Since the Outbreak of COVID-19, Would You Say Predictive Analytics is a Must-Have Technology?
In 2020 we saw that companies that had a mature predictive analytics capability were much more likely to be able to respond to disruptions with agility because they could effectively model different scenarios and reprioritise resources. In the future, we see that predictive analytics will be a key success factor for companies to anticipate demand and recover fast from a crisis.
The COVID-19 disruptions were multi-faceted and required an integrated approach to data and decision making that broke down information silos between business domains. Travel restrictions led to the slowing of transportation and delivery of raw materials and goods. These issues caused major disruption by themselves but were coupled with changing consumer demands, panic buying and the reduced need for certain goods. In order to adapt their supply chains and operating models successfully, data-first manufacturers put new emphasis on structured planning and information gathering and used predictive analytics to accelerate and delegate decision making.
How is Predictive Analytics Being Used in Manufacturing?
For chemical and consumer goods manufacturer Henkel, using predictive analytics has been essential in navigating challenges. Using data analytics software from Tableau to rapidly build reports, access and analyse real-time data, the manufacturer has increased its operational and supply chain efficiency by more than 10%, despite the challenges of the pandemic.
Henkel has developed a strong and widespread data culture among its employees and has been using Tableau to consolidate all of its data since 2016 - a decision that has saved the company more than €4million in energy costs. This shows that when used as part of a manufacturer’s daily operations, data is crucial for transforming ways of working and offering long-term time, cost and productivity benefits.
What are the Challenges When Adopting Predictive Analytics?
Today the potential for predictive analytics is constrained by a shortage of data science skills and the relatively long time to value of data science projects. We also see problems with the quality and accessibility of the data used to train models. There are also ethical challenges with the use of machine learning models as these may perpetuate bias and discrimination.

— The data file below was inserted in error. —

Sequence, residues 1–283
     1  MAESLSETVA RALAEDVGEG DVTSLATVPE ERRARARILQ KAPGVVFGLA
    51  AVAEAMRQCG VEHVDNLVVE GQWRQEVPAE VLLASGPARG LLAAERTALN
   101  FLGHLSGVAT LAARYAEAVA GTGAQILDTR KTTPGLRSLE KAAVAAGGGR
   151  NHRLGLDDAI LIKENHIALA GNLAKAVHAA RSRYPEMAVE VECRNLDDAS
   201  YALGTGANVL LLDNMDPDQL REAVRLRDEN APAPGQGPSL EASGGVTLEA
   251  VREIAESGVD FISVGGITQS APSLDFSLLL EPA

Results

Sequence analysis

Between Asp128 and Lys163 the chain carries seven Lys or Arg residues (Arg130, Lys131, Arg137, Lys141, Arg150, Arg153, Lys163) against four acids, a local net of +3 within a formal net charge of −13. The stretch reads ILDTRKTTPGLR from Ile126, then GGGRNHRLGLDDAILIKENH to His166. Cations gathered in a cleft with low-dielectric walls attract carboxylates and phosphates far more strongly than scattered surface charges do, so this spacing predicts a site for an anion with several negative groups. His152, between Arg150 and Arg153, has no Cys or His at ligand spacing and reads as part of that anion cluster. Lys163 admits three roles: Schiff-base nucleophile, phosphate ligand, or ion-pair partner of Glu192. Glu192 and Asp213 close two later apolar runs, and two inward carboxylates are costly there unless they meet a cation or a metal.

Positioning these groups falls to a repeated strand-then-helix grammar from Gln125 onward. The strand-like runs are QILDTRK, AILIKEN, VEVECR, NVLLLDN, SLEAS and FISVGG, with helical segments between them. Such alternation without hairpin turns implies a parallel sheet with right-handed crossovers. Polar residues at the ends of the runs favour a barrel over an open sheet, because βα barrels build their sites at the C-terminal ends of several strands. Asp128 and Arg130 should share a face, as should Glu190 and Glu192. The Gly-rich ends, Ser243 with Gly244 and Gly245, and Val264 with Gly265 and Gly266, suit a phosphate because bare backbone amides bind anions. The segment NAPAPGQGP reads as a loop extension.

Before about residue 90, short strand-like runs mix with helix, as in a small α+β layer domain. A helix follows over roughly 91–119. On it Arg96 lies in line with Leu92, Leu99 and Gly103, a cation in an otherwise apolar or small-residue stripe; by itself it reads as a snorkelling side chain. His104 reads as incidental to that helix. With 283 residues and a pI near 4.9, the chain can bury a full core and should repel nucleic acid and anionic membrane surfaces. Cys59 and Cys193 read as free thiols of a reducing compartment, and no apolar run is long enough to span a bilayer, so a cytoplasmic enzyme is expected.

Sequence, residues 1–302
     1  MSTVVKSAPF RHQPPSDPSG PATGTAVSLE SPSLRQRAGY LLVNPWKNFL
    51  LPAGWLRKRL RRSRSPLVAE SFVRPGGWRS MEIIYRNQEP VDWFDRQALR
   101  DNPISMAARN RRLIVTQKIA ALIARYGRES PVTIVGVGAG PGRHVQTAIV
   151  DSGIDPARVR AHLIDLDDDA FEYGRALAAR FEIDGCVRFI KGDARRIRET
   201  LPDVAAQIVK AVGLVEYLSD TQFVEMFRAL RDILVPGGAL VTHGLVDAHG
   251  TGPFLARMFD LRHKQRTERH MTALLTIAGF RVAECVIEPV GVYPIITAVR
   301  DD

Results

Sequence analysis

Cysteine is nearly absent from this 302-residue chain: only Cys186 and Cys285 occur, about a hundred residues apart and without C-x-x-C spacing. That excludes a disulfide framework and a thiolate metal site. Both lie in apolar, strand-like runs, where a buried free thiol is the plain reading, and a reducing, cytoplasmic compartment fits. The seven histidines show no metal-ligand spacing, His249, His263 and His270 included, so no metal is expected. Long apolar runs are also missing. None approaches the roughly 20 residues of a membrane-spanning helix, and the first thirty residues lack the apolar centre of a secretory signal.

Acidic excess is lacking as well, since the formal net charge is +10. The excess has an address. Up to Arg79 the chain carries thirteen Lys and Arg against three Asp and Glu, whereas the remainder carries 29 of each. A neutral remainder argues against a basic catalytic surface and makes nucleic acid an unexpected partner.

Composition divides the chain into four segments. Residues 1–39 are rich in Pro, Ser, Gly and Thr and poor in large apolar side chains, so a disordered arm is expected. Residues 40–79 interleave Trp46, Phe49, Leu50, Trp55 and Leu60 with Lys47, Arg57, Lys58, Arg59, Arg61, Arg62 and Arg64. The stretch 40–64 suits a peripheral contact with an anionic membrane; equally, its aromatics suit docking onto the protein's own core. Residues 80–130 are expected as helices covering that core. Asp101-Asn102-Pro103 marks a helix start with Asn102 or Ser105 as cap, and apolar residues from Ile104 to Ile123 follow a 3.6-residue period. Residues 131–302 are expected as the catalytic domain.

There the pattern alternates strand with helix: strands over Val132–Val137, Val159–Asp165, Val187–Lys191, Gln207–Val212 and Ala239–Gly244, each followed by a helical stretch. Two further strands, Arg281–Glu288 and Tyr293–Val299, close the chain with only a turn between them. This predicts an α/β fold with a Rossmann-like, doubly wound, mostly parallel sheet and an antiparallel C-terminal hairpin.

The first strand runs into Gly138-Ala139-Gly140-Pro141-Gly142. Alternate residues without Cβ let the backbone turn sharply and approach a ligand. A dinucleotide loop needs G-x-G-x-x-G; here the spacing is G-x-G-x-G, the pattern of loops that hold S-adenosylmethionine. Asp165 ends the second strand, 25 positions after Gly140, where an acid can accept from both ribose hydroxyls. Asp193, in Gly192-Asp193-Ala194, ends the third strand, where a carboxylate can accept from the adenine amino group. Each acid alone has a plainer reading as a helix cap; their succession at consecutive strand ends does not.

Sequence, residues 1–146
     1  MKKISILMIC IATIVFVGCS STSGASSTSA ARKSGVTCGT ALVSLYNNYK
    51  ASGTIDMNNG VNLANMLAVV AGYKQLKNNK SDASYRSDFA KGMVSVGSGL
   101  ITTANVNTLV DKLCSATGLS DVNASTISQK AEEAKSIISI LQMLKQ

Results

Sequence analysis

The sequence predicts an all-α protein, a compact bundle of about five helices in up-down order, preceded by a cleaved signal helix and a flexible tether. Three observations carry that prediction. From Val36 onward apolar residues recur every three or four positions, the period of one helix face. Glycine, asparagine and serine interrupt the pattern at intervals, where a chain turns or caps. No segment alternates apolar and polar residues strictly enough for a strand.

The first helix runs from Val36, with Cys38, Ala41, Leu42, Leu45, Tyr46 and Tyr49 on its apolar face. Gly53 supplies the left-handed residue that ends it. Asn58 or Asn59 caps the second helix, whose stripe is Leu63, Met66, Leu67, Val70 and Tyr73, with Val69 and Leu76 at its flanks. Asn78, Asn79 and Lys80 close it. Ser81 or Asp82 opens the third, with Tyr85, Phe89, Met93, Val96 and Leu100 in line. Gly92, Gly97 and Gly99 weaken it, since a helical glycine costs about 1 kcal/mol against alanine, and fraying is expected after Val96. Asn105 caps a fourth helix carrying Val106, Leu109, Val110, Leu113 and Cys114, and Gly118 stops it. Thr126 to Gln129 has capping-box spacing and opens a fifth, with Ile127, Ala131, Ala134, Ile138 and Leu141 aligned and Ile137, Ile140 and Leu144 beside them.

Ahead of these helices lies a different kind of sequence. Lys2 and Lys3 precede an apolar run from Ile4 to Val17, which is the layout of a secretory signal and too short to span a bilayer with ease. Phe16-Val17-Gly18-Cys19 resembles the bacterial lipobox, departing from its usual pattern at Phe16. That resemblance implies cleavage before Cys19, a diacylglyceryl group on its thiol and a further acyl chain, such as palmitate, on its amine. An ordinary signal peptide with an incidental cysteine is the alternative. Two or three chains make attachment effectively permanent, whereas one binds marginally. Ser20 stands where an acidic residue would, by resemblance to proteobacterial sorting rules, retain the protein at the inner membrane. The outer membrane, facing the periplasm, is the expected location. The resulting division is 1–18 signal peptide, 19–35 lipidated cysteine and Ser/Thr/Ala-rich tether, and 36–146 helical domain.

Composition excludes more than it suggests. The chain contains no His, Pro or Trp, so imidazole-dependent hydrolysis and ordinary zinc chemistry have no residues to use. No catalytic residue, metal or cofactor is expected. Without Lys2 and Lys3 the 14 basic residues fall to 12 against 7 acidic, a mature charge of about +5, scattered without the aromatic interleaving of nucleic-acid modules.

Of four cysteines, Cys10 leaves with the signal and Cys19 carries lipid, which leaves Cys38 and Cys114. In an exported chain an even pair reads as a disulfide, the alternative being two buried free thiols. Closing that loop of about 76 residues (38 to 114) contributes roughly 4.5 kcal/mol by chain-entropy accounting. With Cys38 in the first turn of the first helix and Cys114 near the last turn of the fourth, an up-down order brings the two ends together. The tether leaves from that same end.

To overcome these challenges we see a greater emphasis on auto-ML tools that lower the barrier to data science and can automate ethical safeguards like bias and proxy detection and privacy controls. Companies also need to look at data collection and quality assurance processes as these can seriously impact how accurate and detailed the results will be.
What Technology is Need Alongside Predictive Analytics to Realise the Value?
Cloud data platforms are a key enabler for predictive analytics as they enable historical training data to be maintained at a better level of granularity. They also enable elastic scale on demand which is required during model retraining. Companies that are looking to scale predictive analytics across their entire organisation therefore usually also look at their data pipelines and aim to bring together siloed information assets into a cloud PaaS or SaaS platform. These enable a single view across structured and unstructured data from business systems, customer interactions and IoT sensors.
What Does the Future Hold for Predictive Analytics?
The most significant change affecting predictive analytics and its future is its democratisation. Today data science is often deeply technical, expensive, hard to scale and siloed from the rest of the business. Low-code and no-code platforms are bringing these capabilities closer to line of business users that understand their workflow and have domain expertise but may not have data science training. This is key to improving time to value and ensuring that predictive analytics can deliver value at the point of maximum impact.
The quick wins in this space will be in augmented experiences that bring predictive insights directly to data consumers. Business users will need a variety of experiences that empower them to work alongside an AI to derive value from their data assets. The best tools can quickly and efficiently pull together large data sets from multiple sources into an analytics workbench that lets users understand ‘what has happened and why’, ‘what will happen’, and ‘what is likely to happen if a specific action is taken’. This enables business users to sift through massive data sets and explore millions of combinations in seconds to automatically surface insights. If users can build custom predictions and perform what-if analysis, they can then bring these models and recommendations into their business workflow to operationalise the findings for the whole organisation.
The future of predictive analytics is therefore that more data consumers can effectively see and understand their data. Tableau’s focus is on helping businesses build a scalable data culture. The 2021.3 product release makes it easier for IT leaders to make the platform accessible across their entire enterprise to leverage the full power of data analytics. New features enable enterprises to scale deployment dynamically, manage resources more effectively, and bring predictive analytics to more parts of the business.